Years ago, Dave Neeleman, the founder of JetBlue Airlines, was working in New Jersey overlooking New York City. That morning, he was going to the New York Stock Exchange to take his company public. It was to be one of the greatest days in his company’s history. As he looked across the water toward New York, he could see the buildings that his dear friends worked in. One was Jim Quigley, the CEO of Deloitte, the largest accounting company in the United States. Another was Gary Crittenden, the CFO of American Express, who worked in the building next to Jim Quigley. They were close family friends and attended church together. Dave Neeleman had a clear view of their buildings.
As he looked across the water and saw the New York City skyline, and thought about all the work that it took to get to that point, he saw a plane strike the World Trade Center. His friends worked in the World Trade Center. At first, all that hit him was shock. Were Gary and Jim ok? What was going to happen to their families? Then, shortly afterward, the second plane hit the towers. Immediately, he realized that this was not an accident. His nation, his city, his friends and family, were under attack. He had to make a choice at that point. He could focus on things that he could not control and worry about those families, or he could do something about the planes that his company, Jet Blue Airlines, still had in the air with tens of thousands of passengers on board.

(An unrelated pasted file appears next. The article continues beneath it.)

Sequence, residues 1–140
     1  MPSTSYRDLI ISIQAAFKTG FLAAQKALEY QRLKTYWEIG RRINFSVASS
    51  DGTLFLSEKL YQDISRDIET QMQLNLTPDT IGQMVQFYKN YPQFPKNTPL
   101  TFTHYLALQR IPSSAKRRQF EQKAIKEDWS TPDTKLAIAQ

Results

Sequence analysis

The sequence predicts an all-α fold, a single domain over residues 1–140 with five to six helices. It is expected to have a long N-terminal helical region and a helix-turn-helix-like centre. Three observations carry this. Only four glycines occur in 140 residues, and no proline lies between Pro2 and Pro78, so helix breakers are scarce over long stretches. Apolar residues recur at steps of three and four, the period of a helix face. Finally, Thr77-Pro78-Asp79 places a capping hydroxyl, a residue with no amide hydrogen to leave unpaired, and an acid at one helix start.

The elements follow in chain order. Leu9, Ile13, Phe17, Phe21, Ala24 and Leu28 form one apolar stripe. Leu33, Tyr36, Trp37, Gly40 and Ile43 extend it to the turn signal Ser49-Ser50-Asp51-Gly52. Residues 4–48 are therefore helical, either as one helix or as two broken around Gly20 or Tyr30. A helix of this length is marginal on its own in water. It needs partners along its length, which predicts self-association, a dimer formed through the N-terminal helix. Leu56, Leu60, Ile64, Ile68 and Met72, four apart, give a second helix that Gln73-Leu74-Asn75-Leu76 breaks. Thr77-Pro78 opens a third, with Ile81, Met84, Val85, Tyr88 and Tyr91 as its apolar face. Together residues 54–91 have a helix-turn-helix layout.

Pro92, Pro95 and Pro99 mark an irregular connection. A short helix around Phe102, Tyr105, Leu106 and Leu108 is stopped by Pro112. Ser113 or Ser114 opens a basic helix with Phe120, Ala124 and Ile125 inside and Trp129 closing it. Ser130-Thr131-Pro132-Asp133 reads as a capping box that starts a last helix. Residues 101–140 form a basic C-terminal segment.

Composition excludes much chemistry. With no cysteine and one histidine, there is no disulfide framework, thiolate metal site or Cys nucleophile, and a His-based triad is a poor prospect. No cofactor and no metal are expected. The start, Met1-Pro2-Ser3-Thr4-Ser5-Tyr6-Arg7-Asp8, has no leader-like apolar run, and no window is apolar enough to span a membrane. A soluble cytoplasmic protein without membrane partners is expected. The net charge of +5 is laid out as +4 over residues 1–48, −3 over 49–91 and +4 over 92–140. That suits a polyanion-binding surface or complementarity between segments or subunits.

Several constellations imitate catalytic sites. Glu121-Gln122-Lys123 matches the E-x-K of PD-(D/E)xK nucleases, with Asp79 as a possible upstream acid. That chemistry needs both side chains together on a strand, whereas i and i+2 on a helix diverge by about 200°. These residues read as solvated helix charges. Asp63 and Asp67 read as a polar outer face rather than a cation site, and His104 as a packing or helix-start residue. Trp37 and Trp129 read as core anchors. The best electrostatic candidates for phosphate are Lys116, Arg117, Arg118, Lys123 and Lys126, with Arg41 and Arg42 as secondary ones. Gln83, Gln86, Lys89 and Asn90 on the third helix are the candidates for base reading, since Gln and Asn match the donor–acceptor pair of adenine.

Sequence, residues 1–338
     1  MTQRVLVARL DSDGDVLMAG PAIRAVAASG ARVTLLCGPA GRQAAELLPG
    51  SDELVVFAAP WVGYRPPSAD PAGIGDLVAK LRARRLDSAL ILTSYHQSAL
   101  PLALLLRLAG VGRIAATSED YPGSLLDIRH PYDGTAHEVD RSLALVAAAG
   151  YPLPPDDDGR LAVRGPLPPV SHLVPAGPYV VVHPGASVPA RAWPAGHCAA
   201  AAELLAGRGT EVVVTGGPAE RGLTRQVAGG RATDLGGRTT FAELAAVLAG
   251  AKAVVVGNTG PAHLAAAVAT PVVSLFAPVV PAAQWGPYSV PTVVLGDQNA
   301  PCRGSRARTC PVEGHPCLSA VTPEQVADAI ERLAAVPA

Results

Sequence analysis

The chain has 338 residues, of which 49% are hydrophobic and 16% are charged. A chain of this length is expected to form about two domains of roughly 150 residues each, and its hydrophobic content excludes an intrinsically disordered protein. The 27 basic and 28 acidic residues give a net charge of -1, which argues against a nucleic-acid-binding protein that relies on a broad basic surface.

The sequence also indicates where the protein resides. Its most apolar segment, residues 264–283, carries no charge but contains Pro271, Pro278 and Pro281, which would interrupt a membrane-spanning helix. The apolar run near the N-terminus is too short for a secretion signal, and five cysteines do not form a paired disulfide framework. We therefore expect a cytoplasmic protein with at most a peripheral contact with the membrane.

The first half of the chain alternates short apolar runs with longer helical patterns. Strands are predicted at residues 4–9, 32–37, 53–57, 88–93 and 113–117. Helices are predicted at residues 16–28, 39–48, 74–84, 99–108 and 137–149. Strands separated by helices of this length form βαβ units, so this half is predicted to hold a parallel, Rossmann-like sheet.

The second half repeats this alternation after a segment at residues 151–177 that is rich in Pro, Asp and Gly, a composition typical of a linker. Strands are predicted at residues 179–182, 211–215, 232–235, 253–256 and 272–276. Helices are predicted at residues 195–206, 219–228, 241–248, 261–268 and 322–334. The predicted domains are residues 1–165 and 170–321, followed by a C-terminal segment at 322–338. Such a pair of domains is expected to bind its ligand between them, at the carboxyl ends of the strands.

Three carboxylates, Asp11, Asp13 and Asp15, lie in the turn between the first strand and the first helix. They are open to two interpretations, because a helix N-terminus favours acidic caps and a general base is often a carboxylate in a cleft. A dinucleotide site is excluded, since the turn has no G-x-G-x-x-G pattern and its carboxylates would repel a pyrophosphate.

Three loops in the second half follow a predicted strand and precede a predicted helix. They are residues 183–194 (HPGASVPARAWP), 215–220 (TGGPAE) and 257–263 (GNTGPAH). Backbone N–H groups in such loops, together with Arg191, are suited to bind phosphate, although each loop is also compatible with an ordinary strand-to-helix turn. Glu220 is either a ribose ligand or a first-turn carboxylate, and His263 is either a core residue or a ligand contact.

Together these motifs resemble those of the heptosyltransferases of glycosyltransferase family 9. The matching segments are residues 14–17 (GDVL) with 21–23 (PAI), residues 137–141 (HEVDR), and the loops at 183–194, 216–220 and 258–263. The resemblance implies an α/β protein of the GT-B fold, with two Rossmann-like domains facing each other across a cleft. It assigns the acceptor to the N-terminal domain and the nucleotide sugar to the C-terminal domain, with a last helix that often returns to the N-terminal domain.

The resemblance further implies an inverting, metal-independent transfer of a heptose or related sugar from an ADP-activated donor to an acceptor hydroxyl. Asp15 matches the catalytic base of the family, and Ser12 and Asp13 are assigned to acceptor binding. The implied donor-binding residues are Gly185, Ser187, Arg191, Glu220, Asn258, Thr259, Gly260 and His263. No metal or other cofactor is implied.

There is a time to grieve and a time to mourn, but leaders rise in times of despair. He decided that he had to literally turn around, put his back to the things that he couldn’t control and focus on getting those planes on the ground. He put aside any thought of taking his company public. He didn’t focus on the things he couldn’t control but on the things that he could.
Meanwhile, across the river, in the Trade Center, Jim Quigley was in one of the towers that got hit. He was able to make it out. He was on the ground with many of his employees. Suddenly, they started hearing noises behind them. They turned around and realized it was the sound of bodies hitting the ground. People were now jumping to their death. Jim stood on a bench to elevate himself. He faced the falling bodies while he told everyone else to turn around and look at him. He began to talk to the team to give them instruction as well as avoid them from the trauma of seeing people falling to their deaths.